As people grow through life, change is inevitable. And as we move through life’s stages we face change. Transitioning through these life stages can be challenging to manage, but can also bring great opportunities for growth when you make good choices. Focusing on things you can control during the changing stages of life is important. And one of the most important things you can control and maintain through life transitions is your retirement savings.
So how should we go about addressing retirement security through life transitions?
First and foremost we need to understand that life is not lived in a straight path. Retirement security is a journey that must adapt to the changing needs of each law professional through each of life’s stages. The various life stages include early working career, accumulation, pre-retirement, at retirement and in retirement.
Managing retirement savings through life transitions
Let’s discuss the transitions in between and during life’s stages that all of us must pass through. During these transitions, we may be landing our first job, changing jobs, starting our own firm, looking at diversifying our portfolio to plan better for retirement, or find ourselves making the leap into retirement. It is important to understand that throughout these transitions, we must keep a focus on our retirement savings.
There are a few different options for managing our retirement savings throughout life’s transitional periods:
- Leave your money behind in a former employer’s plan: Your money stays put where it is as long as you have over $5,000 in your plan. No paperwork is involved at this point, your money will stay tax-deferred and you can stay invested in the plan’s investment options.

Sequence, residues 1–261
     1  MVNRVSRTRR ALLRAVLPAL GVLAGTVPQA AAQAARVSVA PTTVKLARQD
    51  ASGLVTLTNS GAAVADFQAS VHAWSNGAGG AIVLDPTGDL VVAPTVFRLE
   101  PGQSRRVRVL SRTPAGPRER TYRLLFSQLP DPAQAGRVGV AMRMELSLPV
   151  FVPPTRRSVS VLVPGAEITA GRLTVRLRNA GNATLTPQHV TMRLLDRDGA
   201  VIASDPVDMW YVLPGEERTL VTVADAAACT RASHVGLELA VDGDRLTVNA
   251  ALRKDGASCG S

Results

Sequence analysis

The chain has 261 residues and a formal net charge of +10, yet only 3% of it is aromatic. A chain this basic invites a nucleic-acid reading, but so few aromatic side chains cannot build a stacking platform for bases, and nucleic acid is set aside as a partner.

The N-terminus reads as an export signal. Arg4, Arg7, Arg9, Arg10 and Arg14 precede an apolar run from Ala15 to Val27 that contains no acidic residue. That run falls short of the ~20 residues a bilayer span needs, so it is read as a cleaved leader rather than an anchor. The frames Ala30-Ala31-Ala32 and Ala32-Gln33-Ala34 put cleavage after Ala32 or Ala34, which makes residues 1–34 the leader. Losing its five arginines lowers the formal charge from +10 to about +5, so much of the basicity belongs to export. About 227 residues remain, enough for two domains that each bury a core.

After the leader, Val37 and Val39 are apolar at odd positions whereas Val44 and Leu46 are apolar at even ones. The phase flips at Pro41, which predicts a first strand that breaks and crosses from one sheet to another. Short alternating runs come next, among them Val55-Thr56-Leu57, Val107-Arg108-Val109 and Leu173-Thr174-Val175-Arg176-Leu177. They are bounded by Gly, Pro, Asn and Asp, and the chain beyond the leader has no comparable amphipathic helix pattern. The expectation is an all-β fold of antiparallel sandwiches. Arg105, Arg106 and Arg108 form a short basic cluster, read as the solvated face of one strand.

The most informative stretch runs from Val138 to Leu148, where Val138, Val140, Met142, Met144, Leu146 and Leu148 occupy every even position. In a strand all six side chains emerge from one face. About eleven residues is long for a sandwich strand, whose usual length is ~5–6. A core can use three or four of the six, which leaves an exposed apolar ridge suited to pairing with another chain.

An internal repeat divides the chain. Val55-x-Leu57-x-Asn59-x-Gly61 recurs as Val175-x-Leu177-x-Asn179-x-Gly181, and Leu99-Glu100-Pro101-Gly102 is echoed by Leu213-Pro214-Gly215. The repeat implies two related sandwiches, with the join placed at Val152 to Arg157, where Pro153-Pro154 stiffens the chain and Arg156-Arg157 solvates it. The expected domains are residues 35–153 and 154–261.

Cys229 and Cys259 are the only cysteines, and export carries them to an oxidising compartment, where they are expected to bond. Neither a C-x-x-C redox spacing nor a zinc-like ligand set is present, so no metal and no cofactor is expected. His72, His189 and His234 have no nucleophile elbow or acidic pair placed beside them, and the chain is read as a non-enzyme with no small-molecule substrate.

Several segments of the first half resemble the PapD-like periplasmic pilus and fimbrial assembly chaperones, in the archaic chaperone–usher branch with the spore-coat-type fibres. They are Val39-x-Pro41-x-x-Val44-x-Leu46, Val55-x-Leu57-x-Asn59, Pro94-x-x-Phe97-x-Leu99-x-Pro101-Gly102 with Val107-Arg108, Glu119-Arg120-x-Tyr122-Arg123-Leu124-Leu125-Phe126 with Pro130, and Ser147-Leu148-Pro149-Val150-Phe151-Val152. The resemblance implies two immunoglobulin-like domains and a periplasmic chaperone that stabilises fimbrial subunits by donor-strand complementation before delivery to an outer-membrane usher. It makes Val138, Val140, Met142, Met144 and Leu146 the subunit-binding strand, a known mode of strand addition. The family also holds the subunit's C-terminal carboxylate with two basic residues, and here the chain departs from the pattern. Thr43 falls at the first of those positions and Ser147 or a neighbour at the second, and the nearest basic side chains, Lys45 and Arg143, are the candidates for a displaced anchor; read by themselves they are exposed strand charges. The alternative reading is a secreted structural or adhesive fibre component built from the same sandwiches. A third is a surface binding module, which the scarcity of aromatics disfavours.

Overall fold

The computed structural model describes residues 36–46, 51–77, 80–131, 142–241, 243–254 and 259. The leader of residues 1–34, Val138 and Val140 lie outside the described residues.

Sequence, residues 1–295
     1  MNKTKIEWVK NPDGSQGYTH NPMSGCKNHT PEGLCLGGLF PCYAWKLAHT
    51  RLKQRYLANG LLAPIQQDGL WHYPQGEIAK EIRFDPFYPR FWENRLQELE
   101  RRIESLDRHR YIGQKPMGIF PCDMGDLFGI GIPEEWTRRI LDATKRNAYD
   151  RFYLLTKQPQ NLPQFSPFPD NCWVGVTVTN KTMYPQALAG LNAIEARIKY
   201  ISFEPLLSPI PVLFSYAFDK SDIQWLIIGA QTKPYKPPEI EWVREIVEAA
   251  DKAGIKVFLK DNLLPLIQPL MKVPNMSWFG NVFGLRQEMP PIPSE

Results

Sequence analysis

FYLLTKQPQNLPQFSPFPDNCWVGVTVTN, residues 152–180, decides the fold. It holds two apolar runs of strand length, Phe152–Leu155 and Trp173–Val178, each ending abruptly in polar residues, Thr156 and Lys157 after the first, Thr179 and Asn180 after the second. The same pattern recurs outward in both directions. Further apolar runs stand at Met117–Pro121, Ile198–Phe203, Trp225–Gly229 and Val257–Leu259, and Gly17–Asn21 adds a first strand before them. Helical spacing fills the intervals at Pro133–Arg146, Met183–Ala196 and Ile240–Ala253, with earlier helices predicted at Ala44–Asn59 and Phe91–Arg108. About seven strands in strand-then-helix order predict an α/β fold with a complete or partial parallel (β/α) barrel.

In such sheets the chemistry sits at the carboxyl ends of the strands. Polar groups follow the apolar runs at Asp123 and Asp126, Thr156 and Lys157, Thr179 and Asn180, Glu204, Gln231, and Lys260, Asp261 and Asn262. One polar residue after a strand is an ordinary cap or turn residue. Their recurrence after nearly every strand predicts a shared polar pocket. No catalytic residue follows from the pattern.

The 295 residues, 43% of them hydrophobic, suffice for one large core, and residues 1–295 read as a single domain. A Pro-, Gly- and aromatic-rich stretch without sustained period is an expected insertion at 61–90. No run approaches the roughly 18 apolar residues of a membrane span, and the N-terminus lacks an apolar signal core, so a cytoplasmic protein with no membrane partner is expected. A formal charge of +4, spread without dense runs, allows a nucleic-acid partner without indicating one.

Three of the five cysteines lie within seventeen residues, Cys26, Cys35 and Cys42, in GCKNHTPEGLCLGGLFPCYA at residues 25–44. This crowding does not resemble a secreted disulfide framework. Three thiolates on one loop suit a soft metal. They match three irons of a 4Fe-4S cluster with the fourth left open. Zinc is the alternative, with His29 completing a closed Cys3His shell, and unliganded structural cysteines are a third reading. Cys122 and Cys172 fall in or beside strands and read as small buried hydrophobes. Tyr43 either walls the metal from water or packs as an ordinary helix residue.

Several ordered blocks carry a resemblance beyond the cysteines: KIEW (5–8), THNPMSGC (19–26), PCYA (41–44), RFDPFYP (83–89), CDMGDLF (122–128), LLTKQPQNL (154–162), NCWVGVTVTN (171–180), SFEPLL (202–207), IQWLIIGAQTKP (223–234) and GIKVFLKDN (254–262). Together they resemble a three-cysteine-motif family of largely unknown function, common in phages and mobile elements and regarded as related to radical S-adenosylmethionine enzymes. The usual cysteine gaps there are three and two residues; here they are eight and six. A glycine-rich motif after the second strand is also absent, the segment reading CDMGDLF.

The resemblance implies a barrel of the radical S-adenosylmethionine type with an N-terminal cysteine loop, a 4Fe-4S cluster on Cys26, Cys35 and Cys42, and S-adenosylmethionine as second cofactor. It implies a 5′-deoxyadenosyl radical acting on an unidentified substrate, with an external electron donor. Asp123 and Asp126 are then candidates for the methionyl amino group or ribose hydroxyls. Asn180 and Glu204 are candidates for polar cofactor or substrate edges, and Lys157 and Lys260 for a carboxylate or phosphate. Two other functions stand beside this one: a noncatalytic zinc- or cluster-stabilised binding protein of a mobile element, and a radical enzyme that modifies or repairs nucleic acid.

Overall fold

- Roll your money over into your new employer’s plan: If you’ve moved to a new job and are eligible for the new employer sponsored retirement plan, you may be able to roll your old account into the new one. This option reduces the number of accounts you need to track and manage.
- Roll your money into an IRA: Roll the money you currently have in your employer plan into what’s called a “rollover IRA.” With this option your account will continue to grow tax-deferred and you can continue making contributions, up to IRS limits, each year.
- Take a lump-sum distribution: Taking your money out of your employer plan as a lump sum payment is an option, but it’s important to understand that you won’t get all of the money in your account because of tax withholding and possible early withdrawal penalties if you are under age 59½.
Guiding principles for saving regardless of life stage
Now that we’ve outlined the different life stages, and discussed the various pros and cons to the different methods of moving your money around during transitions, we will leave you with some guiding principles we like to follow when it comes to saving for retirement. Follow these simple steps and you will be on your way to a more secure retirement.
- Reframe your brain: Don’t think of saving in your retirement plan as a luxury or something you can start later. Consider it a requirement of moving into the legal profession.
- Find your balance: Paying off debt is likely your priority. Fine. But that doesn’t mean you can’t find a balance with saving as well. Much of the success you’ll have as a saver is behavioral. You just have to do it. Find a way to start early, even if it’s a small amount.
- Use your autopilot: If your retirement plan offers an automatic escalation feature, use it! Before you know it, you’ll be saving more than you thought possible.
- Find your match: If your employer offers a contribution match, try to maximize it. Don’t leave valuable money on the table.
- Give your savings a raise: Commit to allocating some percentage of your pay increases – should you be so lucky! – to your retirement savings. Say you’re getting $200 more per pay check – commit $50 of it to your retirement account.
- Don’t give up: Some unexpected thing is going to happen … it always does. It’s okay to reduce what you’ve committed to saving for retirement, but never stop. If you stop, inertia sets in and it becomes very difficult to start again.
Program Operations Director
ABA Retirement Funds